+49 2641 3703 – 0 +49 2641 3703 – 199 info@monch-group.com

Helicopter Self-Protection Systems

Modern helicopter self-protection systems overview

Military helicopters have evolved into technologically sophisticated weapon systems. They are capable of facing a broad spectrum of threats thanks to modern sensor suites able to gives an early threat detection – the best guarantee of survivability in the modern battlefield. The design characteristics of future helicopters will include speed, agility, signature management, true 24/7 all-weather capabilities and, of course, advanced survivability.

Self-Protection and Survivability

Electronic countermeasures (ECM) can influence the performance of hostile electronic systems in four ways: Decreasing the sensor’s signal-to-noise (SNR) ration (by introducing noise into its detector); deceiving the sensor; disrupting or destroying the sensor or part of it; influencing the receiver feedback loops. ECM is intended to delay detection and identification, the fundamental parameters of which include spatial, temporal and frequency coverage, power, propagation path, sensitivity, modulation and processing power.

Warning systems have to provide timely and accurate information on threats to enable decisions to be made on manoeuvres and countermeasures. Development of new EW systems is focusing on spherical coverage to obviate the problems caused by ‘top attack’ weapons and blind spots caused by structural features such as tail rotors, external stores, etc. These advanced self-protection suites, known as Radar Warning and Jamming Systems (RWJS), share the same hardware and software and can be easily integrated with the on-board avionics. Reprogrammable on the flightline, they are able to protect helicopters from existing and likely future threats.  Principal features of these systems include: wide coverage (360° for radar, fore and aft for jamming); wide frequency bands; optimised hardware/software management and intelligent jamming management; flexible configuration of transmitters; lightweight (under 20kg); and low life cycle cost.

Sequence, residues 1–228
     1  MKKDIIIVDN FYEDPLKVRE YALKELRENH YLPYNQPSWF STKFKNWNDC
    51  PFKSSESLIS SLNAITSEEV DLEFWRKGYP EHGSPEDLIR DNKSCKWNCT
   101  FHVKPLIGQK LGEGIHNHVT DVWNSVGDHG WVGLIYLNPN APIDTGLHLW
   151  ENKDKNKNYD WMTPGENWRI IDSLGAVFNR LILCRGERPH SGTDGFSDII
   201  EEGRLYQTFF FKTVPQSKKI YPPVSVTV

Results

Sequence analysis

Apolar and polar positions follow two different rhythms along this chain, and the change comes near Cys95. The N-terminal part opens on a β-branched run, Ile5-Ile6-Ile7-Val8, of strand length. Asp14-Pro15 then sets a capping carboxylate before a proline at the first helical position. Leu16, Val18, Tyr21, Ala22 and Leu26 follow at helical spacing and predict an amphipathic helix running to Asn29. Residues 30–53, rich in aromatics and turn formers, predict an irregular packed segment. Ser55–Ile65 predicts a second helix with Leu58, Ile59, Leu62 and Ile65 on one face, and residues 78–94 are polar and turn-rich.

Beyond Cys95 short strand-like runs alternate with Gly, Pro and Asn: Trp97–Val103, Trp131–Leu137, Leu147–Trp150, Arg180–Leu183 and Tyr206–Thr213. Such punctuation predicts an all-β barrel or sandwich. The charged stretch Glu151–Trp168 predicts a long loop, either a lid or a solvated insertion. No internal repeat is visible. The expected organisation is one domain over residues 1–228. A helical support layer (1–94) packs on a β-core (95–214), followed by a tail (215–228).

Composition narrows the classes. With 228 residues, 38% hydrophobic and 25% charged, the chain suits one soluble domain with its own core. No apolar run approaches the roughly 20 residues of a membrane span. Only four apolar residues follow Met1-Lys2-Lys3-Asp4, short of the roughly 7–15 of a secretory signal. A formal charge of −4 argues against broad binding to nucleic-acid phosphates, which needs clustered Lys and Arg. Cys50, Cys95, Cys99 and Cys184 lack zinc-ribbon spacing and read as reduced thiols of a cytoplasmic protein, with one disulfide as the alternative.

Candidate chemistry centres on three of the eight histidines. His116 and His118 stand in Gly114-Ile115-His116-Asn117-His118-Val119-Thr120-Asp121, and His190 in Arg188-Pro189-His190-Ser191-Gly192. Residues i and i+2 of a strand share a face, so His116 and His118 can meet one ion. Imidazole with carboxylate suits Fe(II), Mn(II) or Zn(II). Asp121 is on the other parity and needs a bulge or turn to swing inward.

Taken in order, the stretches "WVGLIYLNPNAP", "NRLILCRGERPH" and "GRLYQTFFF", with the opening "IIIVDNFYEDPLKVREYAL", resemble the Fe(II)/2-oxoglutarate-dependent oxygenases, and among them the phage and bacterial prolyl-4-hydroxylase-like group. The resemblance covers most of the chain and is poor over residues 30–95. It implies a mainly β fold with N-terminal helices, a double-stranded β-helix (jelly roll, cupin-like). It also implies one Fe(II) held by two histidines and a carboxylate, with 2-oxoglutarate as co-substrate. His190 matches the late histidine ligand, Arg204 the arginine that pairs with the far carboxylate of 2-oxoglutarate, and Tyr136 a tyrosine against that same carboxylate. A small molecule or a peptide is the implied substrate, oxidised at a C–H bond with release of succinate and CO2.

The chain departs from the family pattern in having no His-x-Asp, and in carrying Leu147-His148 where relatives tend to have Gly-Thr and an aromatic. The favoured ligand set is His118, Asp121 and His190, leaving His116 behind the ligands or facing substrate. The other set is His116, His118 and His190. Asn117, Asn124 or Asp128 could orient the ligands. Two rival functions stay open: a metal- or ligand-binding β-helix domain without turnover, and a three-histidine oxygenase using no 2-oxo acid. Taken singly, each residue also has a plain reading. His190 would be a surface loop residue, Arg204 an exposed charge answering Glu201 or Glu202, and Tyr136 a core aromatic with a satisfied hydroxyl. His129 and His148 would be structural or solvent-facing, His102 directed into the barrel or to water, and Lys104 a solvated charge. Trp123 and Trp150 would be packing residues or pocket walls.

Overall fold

A multi-function display offers the pilot enhanced situational awareness, showing threats categorised and prioritised and appropriate EW solutions. Jammers can respond to several threats simultaneously in real time and the systems are sufficiently flexible for installation on a wide variety of platforms including fixed-wing and unmanned aircraft, using modular architecture. The addition of articifical intelligence is beginning to bring several exploitable advantages, including instant automatic identification, fully programmable libraries with 5,000+ modes, automated countermeasures and a mean time between failures of 700 hours or more.

Modern helicopter EW self-protection (EWSP) systems offer multispectral threat evaluation coupled to an advanced decision fusion process and pre-loaded intelligence, thus providing a countermeasures process combined with a detailed tactical picture of the operational environment. The idea of an integrated EO architecture is fundamental to the future of self-protection systems and the goal of designers is to use a single electronically scanned array antenna for radar, communication, signal intelligence and RF jamming functions, leading ultimately to use of a single multi-wavelength, power-agile laser system and stabilised pointer acting as a combined directed IR countermeasures, obstacle warning and Chemical, Biological, Radiological and Explosive detector. The fundamental operational role of a modern EWSP is to rapidly and unambiguously detect, identify and locate an approaching threat and execute effective countermeasures. Knowledge-based techniques and signals analysis provide pilots with real-time intelligence – which can be downloaded and analysed for post-mission debriefings. There are, however, less sophisticated threats, such as visually-aimed weapons, that present a different area of challenge.